Like many other Mario games, the entire first run through the campaign is relatively easy. It’s only when the Special Worlds unlock that the game gets a bit more sinister. It’s then when your hundred or so lives will come in handy.

There were many levels where I died so many times, the assistance boxes started cropping up. If you die 5 times in a level, the Invincibility Leaf pops up, turning Mario into an Invincible Tanooki Mario. Die 10 times in a row and the P-Wing box appears, which if used, will send you directly to the end level flagpole. As a video game player who does not use such things I always just ignore them, but for the kiddos, it’s a good feature to have.

Super Mario 3D Land is not a game changer, but it did sell a lot of Nintendo 3DS systems. Sadly, most people will never get the experience the game in 3D anymore. Hopefully my 3DS hangs in there a bit longer, as I still have Luigi’s Mansion: Dark Moon and Kid Icarus Uprising to finish before I turn the 3D slider down for good.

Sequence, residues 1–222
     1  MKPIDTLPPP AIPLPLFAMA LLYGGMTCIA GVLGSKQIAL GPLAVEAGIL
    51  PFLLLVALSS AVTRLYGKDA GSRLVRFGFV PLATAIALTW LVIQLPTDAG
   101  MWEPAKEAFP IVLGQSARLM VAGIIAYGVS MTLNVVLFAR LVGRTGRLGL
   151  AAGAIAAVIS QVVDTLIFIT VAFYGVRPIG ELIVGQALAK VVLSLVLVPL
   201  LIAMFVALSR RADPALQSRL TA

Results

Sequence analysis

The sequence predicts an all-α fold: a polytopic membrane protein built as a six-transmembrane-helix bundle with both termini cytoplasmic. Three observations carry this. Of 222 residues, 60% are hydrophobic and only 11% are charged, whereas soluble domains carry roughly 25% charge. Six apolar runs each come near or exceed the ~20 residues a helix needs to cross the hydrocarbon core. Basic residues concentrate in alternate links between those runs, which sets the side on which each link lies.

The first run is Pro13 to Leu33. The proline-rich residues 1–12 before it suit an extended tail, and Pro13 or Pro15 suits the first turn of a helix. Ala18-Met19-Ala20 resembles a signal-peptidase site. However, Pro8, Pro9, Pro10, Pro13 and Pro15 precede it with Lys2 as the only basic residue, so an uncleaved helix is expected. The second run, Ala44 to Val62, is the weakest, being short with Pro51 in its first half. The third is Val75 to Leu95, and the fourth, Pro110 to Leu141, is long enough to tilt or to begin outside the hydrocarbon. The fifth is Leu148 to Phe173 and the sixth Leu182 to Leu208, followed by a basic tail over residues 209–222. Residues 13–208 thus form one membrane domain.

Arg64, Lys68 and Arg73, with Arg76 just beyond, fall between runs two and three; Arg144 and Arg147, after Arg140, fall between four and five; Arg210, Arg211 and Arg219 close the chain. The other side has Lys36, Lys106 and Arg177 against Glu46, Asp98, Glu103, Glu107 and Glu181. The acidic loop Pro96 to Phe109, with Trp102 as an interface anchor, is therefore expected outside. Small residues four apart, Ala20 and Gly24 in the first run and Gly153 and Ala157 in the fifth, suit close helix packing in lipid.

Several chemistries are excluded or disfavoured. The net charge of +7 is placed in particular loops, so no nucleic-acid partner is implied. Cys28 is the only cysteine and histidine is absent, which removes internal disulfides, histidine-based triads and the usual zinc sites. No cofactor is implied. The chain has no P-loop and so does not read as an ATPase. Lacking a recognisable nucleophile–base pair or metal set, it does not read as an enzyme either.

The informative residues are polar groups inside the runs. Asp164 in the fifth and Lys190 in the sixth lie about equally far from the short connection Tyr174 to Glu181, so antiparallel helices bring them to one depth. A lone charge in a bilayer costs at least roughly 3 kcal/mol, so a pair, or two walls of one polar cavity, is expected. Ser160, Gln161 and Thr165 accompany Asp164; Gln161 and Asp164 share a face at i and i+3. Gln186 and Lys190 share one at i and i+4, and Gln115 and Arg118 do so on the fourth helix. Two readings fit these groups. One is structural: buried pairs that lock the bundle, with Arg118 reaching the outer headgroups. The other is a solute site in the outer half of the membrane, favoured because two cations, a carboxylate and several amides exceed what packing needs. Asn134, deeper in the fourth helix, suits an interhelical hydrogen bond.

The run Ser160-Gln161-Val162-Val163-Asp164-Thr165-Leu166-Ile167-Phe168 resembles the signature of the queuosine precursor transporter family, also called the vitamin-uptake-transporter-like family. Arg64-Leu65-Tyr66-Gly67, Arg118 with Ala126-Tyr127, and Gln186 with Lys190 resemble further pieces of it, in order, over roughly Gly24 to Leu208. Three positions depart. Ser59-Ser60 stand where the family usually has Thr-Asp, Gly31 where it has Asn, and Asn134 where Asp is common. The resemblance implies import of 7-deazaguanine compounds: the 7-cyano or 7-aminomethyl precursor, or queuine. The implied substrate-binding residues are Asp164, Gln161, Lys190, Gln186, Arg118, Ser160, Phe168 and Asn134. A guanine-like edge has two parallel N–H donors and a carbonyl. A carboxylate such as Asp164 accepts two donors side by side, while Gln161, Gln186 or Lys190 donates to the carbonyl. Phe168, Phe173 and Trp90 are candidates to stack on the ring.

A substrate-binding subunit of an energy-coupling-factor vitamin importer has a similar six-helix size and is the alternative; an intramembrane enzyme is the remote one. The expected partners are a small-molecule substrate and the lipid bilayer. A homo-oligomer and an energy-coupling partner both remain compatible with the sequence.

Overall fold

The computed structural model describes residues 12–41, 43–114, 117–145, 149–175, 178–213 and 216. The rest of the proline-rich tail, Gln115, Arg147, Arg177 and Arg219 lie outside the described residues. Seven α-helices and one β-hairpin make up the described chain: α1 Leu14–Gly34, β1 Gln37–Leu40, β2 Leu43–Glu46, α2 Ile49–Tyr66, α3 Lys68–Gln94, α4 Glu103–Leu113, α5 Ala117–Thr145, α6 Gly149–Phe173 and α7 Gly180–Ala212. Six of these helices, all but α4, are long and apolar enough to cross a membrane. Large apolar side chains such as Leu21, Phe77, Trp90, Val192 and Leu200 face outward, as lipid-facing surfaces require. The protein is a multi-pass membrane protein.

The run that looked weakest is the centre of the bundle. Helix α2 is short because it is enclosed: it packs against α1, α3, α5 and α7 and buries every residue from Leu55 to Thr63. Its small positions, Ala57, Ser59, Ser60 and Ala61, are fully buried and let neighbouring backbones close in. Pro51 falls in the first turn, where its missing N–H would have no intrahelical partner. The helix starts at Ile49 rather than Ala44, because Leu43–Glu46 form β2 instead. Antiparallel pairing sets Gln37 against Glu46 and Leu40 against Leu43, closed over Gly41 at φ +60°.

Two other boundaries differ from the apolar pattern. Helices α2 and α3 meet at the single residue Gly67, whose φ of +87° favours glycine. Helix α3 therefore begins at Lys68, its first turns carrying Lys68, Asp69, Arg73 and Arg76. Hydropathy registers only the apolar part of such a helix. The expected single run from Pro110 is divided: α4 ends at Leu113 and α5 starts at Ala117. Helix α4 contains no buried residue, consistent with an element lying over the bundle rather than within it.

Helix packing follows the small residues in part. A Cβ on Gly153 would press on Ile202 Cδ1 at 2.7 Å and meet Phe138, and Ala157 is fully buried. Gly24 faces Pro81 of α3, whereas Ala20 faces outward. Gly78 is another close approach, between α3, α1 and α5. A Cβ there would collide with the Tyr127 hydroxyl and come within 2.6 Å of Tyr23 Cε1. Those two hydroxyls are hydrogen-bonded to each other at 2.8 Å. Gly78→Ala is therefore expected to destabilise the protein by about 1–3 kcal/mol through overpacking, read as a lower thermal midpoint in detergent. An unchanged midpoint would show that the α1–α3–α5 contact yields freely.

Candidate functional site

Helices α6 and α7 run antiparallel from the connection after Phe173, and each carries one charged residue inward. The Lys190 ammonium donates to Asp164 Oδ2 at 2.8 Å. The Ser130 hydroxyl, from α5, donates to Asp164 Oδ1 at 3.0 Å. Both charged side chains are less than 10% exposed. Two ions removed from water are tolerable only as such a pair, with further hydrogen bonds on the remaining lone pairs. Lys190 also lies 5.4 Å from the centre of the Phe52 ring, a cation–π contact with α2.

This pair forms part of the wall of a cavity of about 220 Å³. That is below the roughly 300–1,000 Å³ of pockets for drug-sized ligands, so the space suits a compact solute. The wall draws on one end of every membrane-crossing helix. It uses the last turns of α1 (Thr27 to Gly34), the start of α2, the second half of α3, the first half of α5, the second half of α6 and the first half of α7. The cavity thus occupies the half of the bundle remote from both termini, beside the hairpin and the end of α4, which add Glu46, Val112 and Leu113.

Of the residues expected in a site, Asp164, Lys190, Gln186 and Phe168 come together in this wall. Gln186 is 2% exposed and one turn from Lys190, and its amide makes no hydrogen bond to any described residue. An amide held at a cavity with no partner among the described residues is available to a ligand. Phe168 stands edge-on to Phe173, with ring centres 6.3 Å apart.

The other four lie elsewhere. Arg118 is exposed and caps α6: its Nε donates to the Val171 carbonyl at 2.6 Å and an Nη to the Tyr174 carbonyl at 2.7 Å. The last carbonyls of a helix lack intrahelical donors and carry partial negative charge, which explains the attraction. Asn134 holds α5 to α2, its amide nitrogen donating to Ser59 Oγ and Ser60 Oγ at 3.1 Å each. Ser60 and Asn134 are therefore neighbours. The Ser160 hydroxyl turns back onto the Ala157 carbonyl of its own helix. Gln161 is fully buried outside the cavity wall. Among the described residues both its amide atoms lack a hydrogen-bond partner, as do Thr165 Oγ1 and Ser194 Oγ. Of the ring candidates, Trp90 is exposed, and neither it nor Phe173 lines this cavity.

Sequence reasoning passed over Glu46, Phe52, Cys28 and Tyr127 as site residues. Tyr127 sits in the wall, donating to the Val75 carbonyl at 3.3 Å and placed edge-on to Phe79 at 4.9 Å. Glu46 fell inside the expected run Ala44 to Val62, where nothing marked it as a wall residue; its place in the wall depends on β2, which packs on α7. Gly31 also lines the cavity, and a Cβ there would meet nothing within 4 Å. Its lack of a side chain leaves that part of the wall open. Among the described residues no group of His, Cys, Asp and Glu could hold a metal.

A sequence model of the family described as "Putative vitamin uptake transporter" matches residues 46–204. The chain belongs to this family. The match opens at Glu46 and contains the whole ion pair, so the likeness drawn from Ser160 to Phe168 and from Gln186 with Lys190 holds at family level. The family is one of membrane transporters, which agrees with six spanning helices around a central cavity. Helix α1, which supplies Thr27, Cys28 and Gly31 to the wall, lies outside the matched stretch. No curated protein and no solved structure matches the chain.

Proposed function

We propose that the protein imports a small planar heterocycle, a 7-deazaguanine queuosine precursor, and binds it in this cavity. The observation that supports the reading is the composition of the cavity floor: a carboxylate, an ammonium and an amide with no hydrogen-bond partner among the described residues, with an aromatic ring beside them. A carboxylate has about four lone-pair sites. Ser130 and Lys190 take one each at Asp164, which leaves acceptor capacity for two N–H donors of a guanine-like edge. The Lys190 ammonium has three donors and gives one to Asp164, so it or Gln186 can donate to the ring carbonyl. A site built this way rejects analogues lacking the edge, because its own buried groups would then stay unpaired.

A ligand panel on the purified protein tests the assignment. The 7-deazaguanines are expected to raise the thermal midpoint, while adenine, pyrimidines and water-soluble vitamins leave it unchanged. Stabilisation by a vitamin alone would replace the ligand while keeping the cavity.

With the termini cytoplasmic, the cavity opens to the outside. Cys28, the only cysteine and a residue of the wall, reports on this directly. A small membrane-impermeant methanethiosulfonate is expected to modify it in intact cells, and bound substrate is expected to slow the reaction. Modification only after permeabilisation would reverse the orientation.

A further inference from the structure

Leftover Coins

  • Can you play as any other characters? Yes, you can play as you little bro Luigi once you unlock him at the end of the first Special World.
  • Raccoon Luigi looks very similar to the Cat Suit (from the follow up Super Mario 3D World) in both design and color.
  • There’s not a lot to unlock for completionists. You get one to five stars over your profile for meeting certain criteria, and a new postcard image. There’s a reason Nintendo doesn’t really do the whole trophy/achievement thing too much; they favor fun over busy work.

Luigi trapped in jail with enemies
Classic Luigi. This is why the Everyman brother is so beloved.

Written by Johnny Malloy

Johnny Malloy has written for 25YL since 2019. A lifelong gamer who considers The Binding of Isaac to be a subversive masterpiece. He has written an extensive series of articles about Castlevania, Super Mario Bros, Final Fantasy, and Resident Evil.

He enjoys writing fiction when he's not watching RedLetterMedia videos on YouTube. He has one of those faces. Sorry about my face. It can't be helped.

He's @mistercecil on the Twitter. Follow him if you like wild tangents and non sequiturs.